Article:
Today\’s News Yesterday

The Times, Feb 11:

Sniffing someone\’s armpits does not sound the most promising start to a date. Research, however, suggests that it will probably turn up a better prospect than either a blind date or gabbling nervously to 20 consecutive strangers. Now a new dating website, ScientificMatch.com, promises a discreet way of letting you nose out potential partners.

Researchers found more than a decade ago – by asking female students to sniff T-shirts worn by men – that ovulating women rate certain male body odours as sexier than others. Crucially, the preferences depended on a certain part of the immune system called the major histocompatibility complex (MHC). Women, it turned out, were bewitched by the odours of men whose MHC genes were most different from their own, and repelled by the aroma of men with similar MHC genes.

The Blog, Jan 14:

No, really, the way to a happy love life is sniffing the t-shirt of your intended date.

The thing is that we are programmed to find attractive those who have an immune system complimentary to our own. And the evidence of such is contained in the pheromones that we throw out in our sweat, meaning that sniffing a t-shirt which has been worn for three days can give us some guidance (ie, whether we like the smell or not) as to whether we would find the person attractive. This is also a reason why those pheromone scents in a bottle don’t in fact work: the opposite sex is looking for subtle scents compatible with their own, rather than a generalised blast of general human hormones.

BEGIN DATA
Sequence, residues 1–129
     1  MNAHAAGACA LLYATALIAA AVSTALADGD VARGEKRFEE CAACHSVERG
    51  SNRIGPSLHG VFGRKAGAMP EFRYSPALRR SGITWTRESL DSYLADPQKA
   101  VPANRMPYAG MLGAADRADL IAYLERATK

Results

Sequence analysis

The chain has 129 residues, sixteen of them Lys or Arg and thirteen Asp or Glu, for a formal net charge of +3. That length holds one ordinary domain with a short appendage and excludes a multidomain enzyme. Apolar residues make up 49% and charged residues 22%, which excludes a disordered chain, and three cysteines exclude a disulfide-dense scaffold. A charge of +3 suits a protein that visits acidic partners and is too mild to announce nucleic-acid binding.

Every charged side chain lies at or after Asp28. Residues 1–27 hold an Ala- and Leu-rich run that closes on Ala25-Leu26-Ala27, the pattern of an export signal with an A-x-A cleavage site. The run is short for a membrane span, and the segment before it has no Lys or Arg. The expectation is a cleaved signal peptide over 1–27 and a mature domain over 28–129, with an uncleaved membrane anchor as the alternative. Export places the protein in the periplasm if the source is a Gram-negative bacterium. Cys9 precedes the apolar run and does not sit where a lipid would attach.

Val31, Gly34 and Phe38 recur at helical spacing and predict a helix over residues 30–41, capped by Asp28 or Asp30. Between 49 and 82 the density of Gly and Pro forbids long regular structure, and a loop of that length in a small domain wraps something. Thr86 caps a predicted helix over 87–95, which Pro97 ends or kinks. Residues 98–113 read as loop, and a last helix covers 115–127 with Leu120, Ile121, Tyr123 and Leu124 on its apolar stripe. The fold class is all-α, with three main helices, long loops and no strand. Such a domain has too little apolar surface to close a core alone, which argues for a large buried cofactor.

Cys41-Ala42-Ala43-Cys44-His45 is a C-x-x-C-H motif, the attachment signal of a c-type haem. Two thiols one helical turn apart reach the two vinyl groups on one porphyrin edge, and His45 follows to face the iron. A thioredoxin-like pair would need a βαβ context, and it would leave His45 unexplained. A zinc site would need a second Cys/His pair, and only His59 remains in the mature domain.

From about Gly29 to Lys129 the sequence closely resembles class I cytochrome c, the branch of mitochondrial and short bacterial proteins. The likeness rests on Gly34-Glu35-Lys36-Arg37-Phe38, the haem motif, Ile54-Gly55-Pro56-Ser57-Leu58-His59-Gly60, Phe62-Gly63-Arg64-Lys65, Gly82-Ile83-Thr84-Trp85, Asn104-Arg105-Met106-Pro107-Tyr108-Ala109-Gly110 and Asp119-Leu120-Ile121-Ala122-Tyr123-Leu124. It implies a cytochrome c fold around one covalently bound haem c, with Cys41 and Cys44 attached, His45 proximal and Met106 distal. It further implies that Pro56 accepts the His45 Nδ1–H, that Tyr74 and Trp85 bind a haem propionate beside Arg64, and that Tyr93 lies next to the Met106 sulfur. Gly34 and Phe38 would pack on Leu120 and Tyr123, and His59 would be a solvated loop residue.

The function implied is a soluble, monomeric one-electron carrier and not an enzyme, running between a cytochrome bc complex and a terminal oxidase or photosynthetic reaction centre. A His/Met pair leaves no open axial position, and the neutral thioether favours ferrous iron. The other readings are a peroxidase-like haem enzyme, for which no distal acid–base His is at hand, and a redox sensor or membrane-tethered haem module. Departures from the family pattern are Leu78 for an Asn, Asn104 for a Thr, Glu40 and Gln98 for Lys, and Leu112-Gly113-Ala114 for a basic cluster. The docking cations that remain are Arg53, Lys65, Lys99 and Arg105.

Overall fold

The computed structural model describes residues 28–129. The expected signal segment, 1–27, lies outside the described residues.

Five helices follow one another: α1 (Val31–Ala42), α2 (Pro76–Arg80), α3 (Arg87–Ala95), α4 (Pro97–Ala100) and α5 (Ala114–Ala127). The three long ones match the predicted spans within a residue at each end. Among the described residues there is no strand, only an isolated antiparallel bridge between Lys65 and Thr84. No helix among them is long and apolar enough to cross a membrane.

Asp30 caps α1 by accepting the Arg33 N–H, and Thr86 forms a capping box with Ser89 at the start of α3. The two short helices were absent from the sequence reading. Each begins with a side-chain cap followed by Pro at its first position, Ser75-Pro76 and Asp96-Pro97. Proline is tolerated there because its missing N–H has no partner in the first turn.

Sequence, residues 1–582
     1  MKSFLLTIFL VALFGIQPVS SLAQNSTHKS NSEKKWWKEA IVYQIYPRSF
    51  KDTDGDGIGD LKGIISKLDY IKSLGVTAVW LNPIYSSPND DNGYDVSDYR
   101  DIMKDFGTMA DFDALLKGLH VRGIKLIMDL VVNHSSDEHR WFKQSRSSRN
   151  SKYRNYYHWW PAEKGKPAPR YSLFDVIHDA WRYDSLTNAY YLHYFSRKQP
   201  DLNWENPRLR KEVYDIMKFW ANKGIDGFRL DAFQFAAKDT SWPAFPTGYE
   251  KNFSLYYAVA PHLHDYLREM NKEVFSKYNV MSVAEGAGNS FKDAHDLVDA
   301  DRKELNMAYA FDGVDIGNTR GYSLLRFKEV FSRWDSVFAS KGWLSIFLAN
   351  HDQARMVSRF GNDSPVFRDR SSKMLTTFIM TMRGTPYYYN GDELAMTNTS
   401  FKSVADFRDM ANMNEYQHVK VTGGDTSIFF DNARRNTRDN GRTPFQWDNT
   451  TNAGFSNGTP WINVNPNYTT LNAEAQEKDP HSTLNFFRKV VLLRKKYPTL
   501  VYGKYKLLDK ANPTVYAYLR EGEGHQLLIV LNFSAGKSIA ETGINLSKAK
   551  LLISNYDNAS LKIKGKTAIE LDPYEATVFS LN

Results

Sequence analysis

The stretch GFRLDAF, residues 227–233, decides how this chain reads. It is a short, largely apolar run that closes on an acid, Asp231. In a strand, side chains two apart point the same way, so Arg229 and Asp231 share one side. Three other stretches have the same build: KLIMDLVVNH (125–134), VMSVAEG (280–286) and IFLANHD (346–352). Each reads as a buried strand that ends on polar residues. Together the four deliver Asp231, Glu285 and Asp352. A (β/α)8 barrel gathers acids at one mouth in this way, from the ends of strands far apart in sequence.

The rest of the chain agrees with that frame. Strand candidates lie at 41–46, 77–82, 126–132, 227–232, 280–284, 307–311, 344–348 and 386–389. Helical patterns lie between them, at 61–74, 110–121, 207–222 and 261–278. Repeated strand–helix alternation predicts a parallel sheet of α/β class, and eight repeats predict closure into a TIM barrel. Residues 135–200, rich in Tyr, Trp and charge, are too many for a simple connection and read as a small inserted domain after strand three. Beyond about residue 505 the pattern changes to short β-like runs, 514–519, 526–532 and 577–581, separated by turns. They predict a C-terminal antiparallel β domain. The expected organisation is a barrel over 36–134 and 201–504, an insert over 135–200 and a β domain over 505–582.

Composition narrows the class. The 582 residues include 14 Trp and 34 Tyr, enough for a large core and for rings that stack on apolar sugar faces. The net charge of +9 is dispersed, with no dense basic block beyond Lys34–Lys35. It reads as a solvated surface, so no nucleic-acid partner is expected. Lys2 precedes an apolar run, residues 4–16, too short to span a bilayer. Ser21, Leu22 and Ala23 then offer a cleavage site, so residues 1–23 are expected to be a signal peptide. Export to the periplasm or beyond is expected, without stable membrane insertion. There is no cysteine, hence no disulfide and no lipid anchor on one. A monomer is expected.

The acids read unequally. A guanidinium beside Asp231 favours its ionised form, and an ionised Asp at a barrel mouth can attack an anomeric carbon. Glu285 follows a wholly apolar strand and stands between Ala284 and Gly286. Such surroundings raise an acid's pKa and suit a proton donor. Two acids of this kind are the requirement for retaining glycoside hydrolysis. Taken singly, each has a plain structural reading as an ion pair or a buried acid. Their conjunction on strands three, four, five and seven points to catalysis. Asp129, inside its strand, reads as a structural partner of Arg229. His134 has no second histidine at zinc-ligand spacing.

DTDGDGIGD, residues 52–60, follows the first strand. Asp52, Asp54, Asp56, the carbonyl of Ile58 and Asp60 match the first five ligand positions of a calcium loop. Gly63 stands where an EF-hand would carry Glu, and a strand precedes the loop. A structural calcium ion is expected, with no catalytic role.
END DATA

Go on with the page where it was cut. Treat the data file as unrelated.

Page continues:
Slightly spoiled this trimphalism is by noting that we\’re both just lifting the story from The Economist.

One comment on “Today\’s News Yesterday

  1. Scientists have known about it for ages. A lot of mammals can do it and members of other vertebrate groups also show evidence of it. It’s also a mechanism of identifying kin by comparing how differently they smell from you (self-matching). Human parents can identify their children by such means. Though as the recent example of siblings marrying showed, such kin recognition mechanisms are modulated by early life experience and so if that is disrupted so too is their efficacy.

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